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Locro de zapallo, one of the most Andean dishes I know


Plated locro de zapallo with rice

In my own journey of discovering or rediscovering indigenous Andean ingredients, sometimes I come across a dish that just couldn't be more Andean. Locro de zapallo, or pumpkin/squash stew, is one of those dishes. It not only uses pumpkin, but also potatoes, broad beans, aji amarillo (peruvian spicy yellow pepper), choclo (Peruvian corn), and huacatay (Peruvian Black Mint), all of which are indigenous to the Andes. With European contact came the introduction of milk and cheese and serving it with rice, but the foundation of this dish is deeply Andean. It is one that showcases vegetables, and at its essence is vegan. And that is the recipe I plan to share with you today. I will mention that I am not, in fact, vegan, but I really appreciate this dish because it is clean and allows you to taste the nuance of the type of pumpkin or squash you might use. Rarely do we think of squash being that main dish. I wanted her to shine today.


Man carrying huge pumpkins in Peruvian market, 2011

In Peru there are different types of pumpkins or squashes that could be used for this dish. The original Quechua word for this dish is ruqru or luqru, which became locro over time. This dish predates contact with the Spanish and the Incan Empire and was first mentioned in writing in the 16th century by Juan de Arona. While today meat, seafood, and dairy can all be added to express regional tastes and flavors, the squash itself can have deep flavors, as can the potatoes, beans and corn that is generally found in this dish. Since we do not have the same squash here in the Northeast U.S. I have substituted the pumpkin for butternut squash, which is referred to as calabaza in Spanish.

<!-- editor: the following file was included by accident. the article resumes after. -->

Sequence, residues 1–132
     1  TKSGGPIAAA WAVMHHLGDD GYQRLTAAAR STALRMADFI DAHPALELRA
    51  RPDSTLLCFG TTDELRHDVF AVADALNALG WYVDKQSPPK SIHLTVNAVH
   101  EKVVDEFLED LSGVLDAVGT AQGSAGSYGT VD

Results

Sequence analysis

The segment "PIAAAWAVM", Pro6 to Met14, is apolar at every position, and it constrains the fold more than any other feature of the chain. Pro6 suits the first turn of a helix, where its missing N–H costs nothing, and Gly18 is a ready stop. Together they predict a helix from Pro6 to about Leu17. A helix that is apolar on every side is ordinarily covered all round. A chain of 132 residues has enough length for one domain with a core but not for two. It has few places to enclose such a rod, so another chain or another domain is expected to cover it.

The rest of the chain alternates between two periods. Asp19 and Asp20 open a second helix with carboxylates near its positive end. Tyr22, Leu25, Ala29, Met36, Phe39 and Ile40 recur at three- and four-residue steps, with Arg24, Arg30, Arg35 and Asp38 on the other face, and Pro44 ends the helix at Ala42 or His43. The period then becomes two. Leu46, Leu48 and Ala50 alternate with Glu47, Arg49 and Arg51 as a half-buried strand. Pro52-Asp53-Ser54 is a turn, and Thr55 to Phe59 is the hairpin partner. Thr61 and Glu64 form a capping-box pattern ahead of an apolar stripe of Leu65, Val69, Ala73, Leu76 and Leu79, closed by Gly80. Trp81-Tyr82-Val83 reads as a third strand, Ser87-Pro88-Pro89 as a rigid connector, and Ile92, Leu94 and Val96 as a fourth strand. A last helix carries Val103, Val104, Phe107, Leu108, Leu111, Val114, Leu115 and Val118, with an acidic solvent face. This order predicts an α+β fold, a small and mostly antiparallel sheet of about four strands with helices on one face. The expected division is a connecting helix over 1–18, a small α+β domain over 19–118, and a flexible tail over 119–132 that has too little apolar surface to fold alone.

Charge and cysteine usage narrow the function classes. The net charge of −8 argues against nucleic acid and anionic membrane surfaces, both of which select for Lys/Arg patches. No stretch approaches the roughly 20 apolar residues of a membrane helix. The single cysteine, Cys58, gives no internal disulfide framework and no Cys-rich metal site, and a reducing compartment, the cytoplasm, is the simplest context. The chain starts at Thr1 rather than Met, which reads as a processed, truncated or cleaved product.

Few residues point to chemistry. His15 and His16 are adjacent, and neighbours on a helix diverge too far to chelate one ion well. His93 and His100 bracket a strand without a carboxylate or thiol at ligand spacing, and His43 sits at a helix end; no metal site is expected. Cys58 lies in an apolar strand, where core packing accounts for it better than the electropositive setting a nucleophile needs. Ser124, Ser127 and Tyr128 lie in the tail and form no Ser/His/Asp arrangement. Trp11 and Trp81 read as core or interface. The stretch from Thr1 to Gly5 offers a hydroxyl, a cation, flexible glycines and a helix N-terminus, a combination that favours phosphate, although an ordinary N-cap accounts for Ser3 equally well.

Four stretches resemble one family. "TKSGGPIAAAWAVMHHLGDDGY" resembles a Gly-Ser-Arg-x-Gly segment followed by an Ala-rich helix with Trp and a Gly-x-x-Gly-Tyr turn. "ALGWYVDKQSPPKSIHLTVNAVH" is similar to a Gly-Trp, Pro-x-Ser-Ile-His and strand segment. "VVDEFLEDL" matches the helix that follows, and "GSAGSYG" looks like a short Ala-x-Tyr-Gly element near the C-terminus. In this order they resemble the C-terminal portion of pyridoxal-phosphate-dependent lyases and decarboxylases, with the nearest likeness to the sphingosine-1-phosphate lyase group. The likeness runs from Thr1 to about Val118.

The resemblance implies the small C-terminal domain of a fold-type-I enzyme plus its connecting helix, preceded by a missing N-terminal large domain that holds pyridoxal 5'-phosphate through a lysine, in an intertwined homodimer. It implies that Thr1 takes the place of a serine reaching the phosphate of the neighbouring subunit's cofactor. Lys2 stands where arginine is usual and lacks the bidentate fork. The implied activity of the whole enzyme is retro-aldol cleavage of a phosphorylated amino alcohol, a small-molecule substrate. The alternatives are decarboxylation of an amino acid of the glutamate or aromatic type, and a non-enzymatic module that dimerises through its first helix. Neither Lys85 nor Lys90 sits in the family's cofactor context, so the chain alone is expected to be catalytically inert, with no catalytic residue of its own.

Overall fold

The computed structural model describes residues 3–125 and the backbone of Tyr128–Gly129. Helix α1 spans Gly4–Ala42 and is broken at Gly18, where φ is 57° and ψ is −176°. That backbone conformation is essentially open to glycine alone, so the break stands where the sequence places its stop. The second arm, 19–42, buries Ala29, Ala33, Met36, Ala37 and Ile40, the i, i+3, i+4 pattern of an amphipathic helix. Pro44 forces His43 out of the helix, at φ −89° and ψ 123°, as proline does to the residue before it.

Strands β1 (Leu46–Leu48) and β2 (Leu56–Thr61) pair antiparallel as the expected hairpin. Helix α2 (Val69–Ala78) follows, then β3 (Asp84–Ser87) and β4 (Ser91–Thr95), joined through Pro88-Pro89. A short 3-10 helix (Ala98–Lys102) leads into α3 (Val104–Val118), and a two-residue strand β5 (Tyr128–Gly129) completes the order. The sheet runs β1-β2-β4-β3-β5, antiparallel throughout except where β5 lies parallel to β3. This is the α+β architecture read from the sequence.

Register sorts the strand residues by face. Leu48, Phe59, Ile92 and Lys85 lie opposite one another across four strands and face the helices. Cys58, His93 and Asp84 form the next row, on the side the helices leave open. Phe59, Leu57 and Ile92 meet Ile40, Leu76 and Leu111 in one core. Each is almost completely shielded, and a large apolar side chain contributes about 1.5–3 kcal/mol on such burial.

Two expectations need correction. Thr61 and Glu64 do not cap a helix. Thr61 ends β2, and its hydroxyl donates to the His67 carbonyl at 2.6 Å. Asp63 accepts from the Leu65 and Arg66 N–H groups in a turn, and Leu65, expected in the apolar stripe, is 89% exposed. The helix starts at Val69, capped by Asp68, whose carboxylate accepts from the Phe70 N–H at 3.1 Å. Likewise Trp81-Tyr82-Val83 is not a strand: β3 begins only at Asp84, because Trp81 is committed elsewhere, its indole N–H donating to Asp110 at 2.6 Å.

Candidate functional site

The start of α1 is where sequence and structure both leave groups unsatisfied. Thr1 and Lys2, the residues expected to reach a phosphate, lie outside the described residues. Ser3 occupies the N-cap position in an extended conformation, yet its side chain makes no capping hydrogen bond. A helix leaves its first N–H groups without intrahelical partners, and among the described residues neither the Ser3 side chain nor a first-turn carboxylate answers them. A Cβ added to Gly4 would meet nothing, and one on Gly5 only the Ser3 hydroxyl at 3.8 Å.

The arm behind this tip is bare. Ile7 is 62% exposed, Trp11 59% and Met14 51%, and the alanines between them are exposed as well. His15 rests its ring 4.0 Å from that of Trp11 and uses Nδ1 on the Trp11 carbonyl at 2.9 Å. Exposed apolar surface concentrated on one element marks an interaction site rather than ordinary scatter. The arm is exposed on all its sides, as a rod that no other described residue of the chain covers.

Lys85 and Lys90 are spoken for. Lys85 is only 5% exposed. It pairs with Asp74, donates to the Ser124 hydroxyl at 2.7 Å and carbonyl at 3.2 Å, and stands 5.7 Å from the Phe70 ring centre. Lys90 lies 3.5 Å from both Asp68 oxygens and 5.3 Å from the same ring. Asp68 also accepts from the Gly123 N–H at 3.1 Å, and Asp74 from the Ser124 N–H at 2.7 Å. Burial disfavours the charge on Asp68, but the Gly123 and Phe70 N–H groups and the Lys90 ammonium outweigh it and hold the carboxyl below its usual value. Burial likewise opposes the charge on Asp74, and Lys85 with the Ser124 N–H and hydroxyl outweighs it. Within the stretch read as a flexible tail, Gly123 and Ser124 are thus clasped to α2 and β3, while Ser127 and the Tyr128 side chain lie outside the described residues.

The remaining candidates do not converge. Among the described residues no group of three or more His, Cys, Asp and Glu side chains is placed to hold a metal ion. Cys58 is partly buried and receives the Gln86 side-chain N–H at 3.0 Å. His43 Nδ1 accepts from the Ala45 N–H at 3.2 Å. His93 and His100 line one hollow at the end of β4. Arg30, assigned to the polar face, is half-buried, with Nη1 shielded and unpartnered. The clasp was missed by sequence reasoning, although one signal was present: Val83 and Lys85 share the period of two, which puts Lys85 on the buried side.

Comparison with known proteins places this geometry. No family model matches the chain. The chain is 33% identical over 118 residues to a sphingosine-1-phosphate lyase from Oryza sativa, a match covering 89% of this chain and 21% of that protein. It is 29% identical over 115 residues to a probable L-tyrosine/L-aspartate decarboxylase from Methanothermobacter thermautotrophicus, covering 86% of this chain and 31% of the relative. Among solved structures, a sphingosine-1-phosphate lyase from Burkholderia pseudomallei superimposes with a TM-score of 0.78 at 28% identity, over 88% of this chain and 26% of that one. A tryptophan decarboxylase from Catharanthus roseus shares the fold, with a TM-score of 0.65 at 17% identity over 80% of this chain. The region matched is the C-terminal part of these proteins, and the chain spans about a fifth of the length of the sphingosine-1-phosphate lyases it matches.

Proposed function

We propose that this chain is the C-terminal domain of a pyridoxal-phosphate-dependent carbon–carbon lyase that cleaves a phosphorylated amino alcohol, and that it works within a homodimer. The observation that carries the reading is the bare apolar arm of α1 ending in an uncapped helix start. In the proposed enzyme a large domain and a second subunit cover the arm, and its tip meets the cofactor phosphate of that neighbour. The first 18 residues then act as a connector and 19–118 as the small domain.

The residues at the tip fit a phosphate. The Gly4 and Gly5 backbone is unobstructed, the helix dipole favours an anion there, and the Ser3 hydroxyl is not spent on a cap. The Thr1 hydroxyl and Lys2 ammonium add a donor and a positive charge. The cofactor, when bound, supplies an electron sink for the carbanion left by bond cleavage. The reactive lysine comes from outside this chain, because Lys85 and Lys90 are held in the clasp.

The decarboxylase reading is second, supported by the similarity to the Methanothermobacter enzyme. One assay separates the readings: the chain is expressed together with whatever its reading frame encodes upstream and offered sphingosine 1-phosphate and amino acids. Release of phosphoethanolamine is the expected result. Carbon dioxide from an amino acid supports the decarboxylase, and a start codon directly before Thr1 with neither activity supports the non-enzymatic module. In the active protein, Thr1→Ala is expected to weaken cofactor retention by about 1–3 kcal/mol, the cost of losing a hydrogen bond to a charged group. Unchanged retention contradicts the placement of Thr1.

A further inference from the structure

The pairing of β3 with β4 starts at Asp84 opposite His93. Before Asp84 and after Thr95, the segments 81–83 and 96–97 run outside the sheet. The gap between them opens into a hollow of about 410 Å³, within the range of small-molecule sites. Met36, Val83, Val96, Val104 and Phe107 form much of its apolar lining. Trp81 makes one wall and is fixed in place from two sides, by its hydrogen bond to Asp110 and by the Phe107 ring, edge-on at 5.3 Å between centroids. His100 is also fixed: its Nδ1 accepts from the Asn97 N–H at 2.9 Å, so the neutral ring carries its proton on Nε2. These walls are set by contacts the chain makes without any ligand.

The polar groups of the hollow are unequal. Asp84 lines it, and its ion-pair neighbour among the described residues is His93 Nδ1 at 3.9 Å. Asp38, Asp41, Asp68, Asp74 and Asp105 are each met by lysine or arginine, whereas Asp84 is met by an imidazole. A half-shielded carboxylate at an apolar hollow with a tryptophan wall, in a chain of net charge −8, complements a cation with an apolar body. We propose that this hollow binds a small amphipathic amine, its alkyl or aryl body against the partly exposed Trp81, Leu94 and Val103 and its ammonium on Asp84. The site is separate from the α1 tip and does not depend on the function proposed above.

Sometimes the most simple foods are the ones that can awaken our palates and most definitely nourish our bodies. This dish, for me, not only celebrates Andean ingredients and showcases them without a bunch a frills but also, and maybe more importantly, reminds me to hold space for the beauty of those ingredients and allow them to sing their songs to us. So, amig@s, here is my simple vegan recipe for Locro de zapallo (or in this case calabaza/butternut squash!). Buen provecho!


 

Locro de zapallo (calabaza) - Serves 8-10





Various ingredients for recipe

Ingredients

  • 8 cups pumpkin, butternut or other winter squash, peeled and cut in cubes

  • 2 cups yukon gold potatoes, peeled and cut into cubes

  • 2 bags frozen choclo (corn) kernels, or whole choclo corn cobs cut in discs

  • 1 medium red onion finely chopped

  • 1 tablespoon ají amarillo (Peruvian yellow pepper) paste (more or less depending on how hot you like it!

  • 1 tablespoon fresh garlic, minced

  • 1 ½ cup fresh broad, fava or lima beans

  • 1 cup water

  • 2 tablespoons olive oil or vegetable oil

  • 1 teaspoon huacatay paste (optional)

  • Salt and pepper to taste



Preparation

  1. Heat the olive oil in a large pot. Add the garlic, ají amarillo paste and chopped onion into a pot and fry over medium heat for around 3 minutes.

  2. Add the chopped pumpkin or butternut and potato cubes along with kernels of corn (if using). Add the water. Cook over medium heat for about 25-30 minutes.

  3. If using corn on the cob, cook separately. Allow to cool and cut into discs.

  4. Monitor the stew and if you feel it’s drying up too much, add a bit more water. (If using corn on the cob, you would add this here.)

  5. Either pre-cook beans in salted water or add directly to pot. Add the broad or lima beans and cook for another 5 minutes. Add corn to heat up. If using milk and cheese, add it now*.

  6. Turn off the heat and add huacatay (optional).


*I did not add any dairy to my preparation, but if you would like to make this more creamy you would add the milk and/or cubes of queso fresco (farmer's cheese) at the end.


NOTE: When stirring, fold carefully so to allow some of the cubes of squash and potato to stay intact. It is meant to be a stew, not a soup, so should appear thick.


AND ANOTHER ONE: This can be served with any grain of choice, like rice as is shown in the photo, or can be eating all by itself.

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